It’s all about rates baby
Philip McHugh May 31st 2017 - 2 minute read
- US dollar ends the month mixed
- Bets for June interest rate hike rise
- USD Monthly lows: £0.76, €0.88, AU$1.30, NZ$1.41, C$1.33
- USD Monthly highs: £0.78, €0.92, AU$1.35, NZ$1.46, C$1.37
President Donald Trump didn’t exactly lend the US dollar support for much of May, with concerns about the Commander in Chief’s potential collusion with Russia leading to impeachment rumours and widespread USD losses.
The sacking of FBI Director James Comey proved the catalyst for a major escalation in concerns about the President’s conduct. Speculation that Trump was attempting to divert an ongoing inquiry into his administration’s connection with Russian officials resulted in some calling for his impeachment.
While many have argued that the action Trump is accused of taking doesn’t justify his impeachment, even references to the term were enough to reduce demand for the US dollar and send the currency lower against its major counterparts.
USD losses also occurred following the release of minutes from the last Federal Open Market Committee (FOMC) meeting.
The Fed indicated that it would need to see proof that the slowdown in US economic output was temporary before it continued down its rate hiking path.
However, that proof was quick to materialise, with US first quarter growth data being positively revised.
Concerns about a sluggish start to the year for the world’s largest economy were eased somewhat after GDP for the first three months of 2017 was upgraded from 0.7% to 1.2%.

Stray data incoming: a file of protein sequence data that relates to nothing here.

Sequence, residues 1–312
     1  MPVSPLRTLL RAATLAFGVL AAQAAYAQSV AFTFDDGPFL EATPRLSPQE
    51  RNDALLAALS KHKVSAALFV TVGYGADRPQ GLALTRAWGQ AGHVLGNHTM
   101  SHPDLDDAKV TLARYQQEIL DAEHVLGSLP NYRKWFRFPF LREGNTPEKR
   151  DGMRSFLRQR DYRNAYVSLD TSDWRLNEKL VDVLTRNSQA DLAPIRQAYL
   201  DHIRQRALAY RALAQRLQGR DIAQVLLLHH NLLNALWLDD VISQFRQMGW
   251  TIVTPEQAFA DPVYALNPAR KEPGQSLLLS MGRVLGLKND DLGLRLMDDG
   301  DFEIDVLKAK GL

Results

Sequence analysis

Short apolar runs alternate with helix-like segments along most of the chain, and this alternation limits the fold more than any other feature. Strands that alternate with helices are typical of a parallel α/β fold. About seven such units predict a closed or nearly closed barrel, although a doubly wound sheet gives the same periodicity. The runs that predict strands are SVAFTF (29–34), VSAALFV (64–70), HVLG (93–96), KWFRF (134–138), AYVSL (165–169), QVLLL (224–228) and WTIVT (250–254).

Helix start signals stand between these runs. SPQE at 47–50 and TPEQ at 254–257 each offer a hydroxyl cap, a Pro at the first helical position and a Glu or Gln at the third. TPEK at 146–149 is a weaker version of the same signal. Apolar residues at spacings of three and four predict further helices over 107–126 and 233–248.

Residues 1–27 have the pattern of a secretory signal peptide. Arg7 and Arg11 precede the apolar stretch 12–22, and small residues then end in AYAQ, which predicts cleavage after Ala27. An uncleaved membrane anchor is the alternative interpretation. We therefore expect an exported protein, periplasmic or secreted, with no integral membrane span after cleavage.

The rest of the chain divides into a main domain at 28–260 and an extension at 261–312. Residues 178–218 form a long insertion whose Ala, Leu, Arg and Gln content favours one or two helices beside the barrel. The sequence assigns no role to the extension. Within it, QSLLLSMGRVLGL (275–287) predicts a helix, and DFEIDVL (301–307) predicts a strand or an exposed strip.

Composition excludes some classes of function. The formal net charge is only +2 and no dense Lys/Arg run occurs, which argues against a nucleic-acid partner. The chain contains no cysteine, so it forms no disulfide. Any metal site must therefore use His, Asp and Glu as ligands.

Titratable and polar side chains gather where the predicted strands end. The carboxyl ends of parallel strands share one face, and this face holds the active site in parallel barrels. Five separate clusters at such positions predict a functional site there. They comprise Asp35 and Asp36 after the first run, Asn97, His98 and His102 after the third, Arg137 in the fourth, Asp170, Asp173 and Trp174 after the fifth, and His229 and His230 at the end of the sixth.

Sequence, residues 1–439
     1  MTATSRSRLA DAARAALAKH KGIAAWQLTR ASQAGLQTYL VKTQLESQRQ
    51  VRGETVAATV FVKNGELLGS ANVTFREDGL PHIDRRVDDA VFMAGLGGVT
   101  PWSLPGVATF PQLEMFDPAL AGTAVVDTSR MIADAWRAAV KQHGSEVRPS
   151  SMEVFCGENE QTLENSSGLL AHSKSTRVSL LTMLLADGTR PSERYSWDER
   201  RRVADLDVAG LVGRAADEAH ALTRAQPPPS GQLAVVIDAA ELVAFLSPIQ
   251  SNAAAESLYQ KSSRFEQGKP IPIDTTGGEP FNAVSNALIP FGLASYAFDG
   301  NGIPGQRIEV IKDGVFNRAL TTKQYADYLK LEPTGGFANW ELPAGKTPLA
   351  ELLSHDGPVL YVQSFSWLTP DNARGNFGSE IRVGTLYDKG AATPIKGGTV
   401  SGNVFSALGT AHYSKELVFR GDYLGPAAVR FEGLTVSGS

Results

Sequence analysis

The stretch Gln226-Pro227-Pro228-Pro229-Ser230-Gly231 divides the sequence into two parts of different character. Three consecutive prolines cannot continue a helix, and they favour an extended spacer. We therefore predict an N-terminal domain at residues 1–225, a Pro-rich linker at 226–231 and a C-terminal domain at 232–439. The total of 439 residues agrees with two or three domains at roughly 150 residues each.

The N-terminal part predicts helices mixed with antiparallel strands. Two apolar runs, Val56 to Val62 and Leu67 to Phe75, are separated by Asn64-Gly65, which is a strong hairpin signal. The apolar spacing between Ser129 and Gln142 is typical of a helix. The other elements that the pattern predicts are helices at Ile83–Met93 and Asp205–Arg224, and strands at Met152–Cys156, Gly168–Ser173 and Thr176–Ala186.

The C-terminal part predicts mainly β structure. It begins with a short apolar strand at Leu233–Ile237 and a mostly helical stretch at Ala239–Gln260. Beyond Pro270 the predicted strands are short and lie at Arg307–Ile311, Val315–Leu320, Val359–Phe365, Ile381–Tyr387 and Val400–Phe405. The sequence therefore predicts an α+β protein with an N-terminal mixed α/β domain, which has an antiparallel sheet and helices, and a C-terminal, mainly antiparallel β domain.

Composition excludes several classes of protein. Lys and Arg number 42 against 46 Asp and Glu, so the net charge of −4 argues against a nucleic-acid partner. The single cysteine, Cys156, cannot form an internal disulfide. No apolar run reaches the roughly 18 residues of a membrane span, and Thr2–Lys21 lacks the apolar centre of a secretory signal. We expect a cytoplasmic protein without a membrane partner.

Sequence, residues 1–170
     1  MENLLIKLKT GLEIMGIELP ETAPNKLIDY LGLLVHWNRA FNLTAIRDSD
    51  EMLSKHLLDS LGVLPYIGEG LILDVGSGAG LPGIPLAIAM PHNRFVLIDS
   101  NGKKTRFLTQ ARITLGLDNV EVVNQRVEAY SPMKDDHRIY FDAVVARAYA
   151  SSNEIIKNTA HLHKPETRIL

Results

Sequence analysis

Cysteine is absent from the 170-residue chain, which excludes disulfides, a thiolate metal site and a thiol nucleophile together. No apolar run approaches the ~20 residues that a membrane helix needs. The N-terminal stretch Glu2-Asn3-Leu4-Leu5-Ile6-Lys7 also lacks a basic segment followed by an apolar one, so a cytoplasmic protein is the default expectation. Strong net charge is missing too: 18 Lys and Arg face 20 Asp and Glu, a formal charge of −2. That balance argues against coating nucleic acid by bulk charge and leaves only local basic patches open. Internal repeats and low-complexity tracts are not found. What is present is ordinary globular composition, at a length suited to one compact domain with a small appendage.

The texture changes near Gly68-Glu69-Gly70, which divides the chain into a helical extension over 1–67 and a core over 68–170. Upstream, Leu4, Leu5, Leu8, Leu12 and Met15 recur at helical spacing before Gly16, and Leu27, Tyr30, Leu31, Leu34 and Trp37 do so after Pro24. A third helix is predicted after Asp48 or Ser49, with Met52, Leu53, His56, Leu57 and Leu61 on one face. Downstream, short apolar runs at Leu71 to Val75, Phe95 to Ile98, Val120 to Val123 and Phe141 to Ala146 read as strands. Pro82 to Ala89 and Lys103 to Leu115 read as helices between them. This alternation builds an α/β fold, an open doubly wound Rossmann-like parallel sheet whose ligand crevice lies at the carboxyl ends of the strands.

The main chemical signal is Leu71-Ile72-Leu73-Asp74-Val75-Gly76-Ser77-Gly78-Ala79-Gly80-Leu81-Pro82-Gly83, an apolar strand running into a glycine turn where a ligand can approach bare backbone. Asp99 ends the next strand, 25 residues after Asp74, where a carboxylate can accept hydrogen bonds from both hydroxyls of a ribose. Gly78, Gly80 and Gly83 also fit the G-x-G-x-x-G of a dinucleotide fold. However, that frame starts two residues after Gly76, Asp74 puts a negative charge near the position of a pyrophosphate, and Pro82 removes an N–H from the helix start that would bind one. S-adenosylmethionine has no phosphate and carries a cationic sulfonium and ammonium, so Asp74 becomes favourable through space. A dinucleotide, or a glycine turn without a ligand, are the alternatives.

"I hope you can let this go… I hope you see your way clear to letting this go, to letting Flynn go. He is a good guy. I hope you can let this go."
– Donald Trump, reportedly asking James Comey to stop his investigation into former national security adviser Michael Flynn.
While this is still a significantly slower pace of growth than recorded in Q4 2016, the improved figure was received well and drove US interest rate hike expectations up over 80%.
In June it’s all about rates, with the direction the US dollar takes being almost solely dictated by whether or not the Fed does bite the bullet and hike borrowing costs when it meets on the 14th.
If the Fed doesn’t increase interest rates the US dollar could tumble, but if it does we could see USD exchange rates achieve multi-week highs.
Of course, the tone the Fed takes in its accompanying statement will also be important. Hints that there are still plans to increase borrowing costs at least once more in 2017 will be needed if the US dollar is to enjoy any lasting support.